A Twitter friend shared this passage from Jason Fried and David Heinemeier Hansson’s Rework last week:
It got us thinking.
The ability to write clearly and concisely, particularly in our screens-in-faces age, is indeed a valuable skill to look for when you’re hiring. For early entrepreneurs, though, hiring might be a few minutes off yet. Which means it’s a skill you probably want and need to shape in yourself.
Some of us have it easier with coding, designing, or making sense of numbers than dealing with words. Even if writing isn’t exactly your thing, though, you’ll probably have to do some of it — populating your website, cobbling a few Facebook ads. If you can’t hire that stuff out, fine-tuning your scribbles is worthwhile — if nothing else, clear communication speaks to your professionalism.
So, since writing is something we’ll all have to wrangle to some degree as entrepreneurs, we thought we’d share the key stuff we try to remember when working with words:
Write like a person.
We’ve all fallen victim to trying too hard — letting biz-speak creep in in hopes of sounding more professional, rambling in an attempt to make things seem more impressive. It’s always transparent, and always makes your audience work too hard for a murky payoff. When you write, shoot for simplicity, clarity — approachability. Write like you’d explain the idea to a friend, and trust that readability and honesty will always impress more than buzzwords do. “Our new product is poised to move the needle significantly” makes folks’ eyes go grey; writing about what makes your new product cooler, or faster or friendlier than anything else people can find, in human terms, gives a much more approachable idea of how you’re setting up for a fantastically positive response.
Think of words like ammunition.
This isn’t a weird deadly/powerful simile. More: Imagine that you have a finite supply of words in your… Rambo bullet belt? Sure. Use only what you need to get your point across cleanly. Find the one word that more effectively conveys what seven words try to. (Y'know, "eat" instead of "consume mass quantities.") Aim, nail your target and walk away.
Here’s where it’s worth using that ammo. “We serve Nashville’s best cheeseburger” tells us little, other than your opinion. “We serve a 100-percent grass-fed beef patty topped with Applewood-smoked bacon and aged cheddar cheese, which has won the Best of Nashville ‘favorite cheeseburger’ award four years running” paints a clear picture in our minds. (And puts dinner plans in our future.) Wherever you read vague or empty, try to inject specifics. What we’re reading is more evocative that way, and more credible.
Wherever you can, avoid things “happening to” whatever you’re writing about. Meh: “Writing advice was given to me by this Skillery blog post.” Less meh: “The Skillery gave me writing advice in a blog post.” Active sentences — in which the subject is doing, rather than having things done to it — always feel more powerful. And they’re easier to read, too.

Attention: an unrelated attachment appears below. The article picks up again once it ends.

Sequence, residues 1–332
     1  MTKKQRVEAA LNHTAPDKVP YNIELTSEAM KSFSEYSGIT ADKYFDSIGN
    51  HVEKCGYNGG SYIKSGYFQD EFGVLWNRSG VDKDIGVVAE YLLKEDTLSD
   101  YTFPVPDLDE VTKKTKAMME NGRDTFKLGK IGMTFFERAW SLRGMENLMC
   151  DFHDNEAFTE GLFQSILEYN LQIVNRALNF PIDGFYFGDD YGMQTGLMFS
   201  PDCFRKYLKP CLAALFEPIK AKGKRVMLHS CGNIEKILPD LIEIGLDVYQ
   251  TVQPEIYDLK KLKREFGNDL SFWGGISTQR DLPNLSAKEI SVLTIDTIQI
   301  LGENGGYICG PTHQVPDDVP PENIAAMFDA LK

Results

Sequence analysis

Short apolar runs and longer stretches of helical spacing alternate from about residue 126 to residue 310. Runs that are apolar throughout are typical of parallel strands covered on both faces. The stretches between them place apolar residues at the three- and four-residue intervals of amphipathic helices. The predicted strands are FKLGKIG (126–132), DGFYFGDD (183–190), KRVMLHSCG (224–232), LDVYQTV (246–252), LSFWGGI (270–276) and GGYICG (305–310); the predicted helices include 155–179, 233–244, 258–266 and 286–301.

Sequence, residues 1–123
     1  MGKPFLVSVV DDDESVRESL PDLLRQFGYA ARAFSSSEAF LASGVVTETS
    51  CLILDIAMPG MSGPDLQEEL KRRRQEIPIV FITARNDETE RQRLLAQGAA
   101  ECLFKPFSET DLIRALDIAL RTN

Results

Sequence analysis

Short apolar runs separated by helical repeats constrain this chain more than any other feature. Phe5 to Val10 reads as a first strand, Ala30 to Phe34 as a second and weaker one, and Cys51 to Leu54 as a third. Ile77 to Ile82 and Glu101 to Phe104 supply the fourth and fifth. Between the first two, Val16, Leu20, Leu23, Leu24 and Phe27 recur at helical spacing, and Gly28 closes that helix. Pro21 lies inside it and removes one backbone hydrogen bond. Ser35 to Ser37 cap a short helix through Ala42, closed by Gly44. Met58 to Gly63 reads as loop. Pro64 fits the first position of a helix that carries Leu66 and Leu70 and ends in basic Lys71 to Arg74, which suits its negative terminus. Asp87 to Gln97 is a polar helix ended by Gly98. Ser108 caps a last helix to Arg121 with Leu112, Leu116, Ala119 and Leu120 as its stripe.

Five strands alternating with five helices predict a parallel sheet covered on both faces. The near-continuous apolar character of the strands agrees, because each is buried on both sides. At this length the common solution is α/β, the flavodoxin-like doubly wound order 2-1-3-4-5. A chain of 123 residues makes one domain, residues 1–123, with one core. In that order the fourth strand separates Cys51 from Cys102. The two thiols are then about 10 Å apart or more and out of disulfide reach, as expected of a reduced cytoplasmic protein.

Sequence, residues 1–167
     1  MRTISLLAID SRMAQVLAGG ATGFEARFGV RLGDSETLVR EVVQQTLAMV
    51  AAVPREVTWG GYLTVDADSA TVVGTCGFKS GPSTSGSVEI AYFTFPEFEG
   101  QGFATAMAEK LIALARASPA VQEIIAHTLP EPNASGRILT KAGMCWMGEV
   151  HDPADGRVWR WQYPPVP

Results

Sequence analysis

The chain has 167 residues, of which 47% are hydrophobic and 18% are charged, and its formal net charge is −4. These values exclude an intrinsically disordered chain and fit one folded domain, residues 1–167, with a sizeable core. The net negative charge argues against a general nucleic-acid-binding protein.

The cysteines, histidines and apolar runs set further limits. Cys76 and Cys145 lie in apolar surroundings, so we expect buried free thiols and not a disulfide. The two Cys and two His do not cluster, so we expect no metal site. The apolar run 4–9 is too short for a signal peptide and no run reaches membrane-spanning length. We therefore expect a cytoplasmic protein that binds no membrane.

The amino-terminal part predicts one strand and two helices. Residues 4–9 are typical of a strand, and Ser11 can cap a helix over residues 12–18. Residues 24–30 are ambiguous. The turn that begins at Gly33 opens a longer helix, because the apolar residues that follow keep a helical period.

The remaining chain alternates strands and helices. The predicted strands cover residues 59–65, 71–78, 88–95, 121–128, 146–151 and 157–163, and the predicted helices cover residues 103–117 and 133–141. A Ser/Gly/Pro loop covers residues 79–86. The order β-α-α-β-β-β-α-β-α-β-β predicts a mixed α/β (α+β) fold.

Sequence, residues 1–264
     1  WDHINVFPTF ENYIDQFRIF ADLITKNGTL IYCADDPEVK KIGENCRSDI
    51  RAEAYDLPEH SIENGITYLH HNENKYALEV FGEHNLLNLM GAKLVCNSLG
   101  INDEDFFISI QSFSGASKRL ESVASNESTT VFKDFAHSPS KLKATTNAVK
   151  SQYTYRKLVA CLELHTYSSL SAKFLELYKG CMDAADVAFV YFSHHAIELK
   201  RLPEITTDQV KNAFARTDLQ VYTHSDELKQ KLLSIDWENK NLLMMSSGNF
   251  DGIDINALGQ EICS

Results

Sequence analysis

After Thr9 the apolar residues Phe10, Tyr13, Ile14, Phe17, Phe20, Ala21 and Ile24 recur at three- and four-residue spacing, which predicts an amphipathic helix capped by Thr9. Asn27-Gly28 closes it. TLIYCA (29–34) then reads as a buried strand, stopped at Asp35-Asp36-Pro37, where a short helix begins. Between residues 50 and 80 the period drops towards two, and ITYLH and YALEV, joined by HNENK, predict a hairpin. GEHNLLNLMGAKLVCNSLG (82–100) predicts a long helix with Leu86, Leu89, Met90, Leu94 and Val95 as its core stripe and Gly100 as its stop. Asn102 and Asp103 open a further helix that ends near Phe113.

Don’t assume your audience knows everything you do.
There’s a certain amount of inside baseball inherent in every business. Unless yours is a business-to-business… er, business, you won’t want to assume the people you’re appealing to know as much about your industry or products as you do. That doesn’t mean you need to over-explain everything, it’s just worth being aware of places where a little clarification would help someone new to your business. “Cobot makes keeping track of Skillery members’ space use easy.” Anyone who doesn’t run or regularly work in a coworking space is probably thinking, “What’s a Cobot?” So, easy: “Cobot — the coworking space management software we use at The Skillery — makes keeping track of members’ space use easy.” A little help goes a long way toward ensuring that newcomers don’t click away confused.
Have someone else do the writing.
So, yeah, this runs counter to the point of this blog post. But if writing doesn’t come naturally to you, or you don’t enjoy it, or your time is too taxed to really fit it in, it might need to go high on the list of things you want to delegate as soon as a few bucks materialize. (Or a good barter situation comes about.) The Skillery started with one person (our founder Matt) doing all the class planning, all the words-wrangling, all the other business stuff. It was overwhelming, understandably. Matt considered what he liked to do, what he was good at, and what his time was best used on, and prioritized the help he needed. Writing help was second on the list, right behind events planning. He brought me into the mix, since I really enjoy writing (and tend to do it for a living). These days, we collaborate on the words stuff. And we both try to stick to these little tips as best we can.
While we like to think every entrepreneur can improve the writing they have to do with a few tips like these, sometimes the best course of action, when possible, is to pass the writing off. If it’s not possible yet, the above should at least make for a few more readable tweets and email newsletters.
Find any of this helpful? Have some writing thoughts you think should’ve been in here? We always appreciate thoughts and feedback, especially when it might make our attempts at being helpful better. Hit us in the comments, or give us a tweet.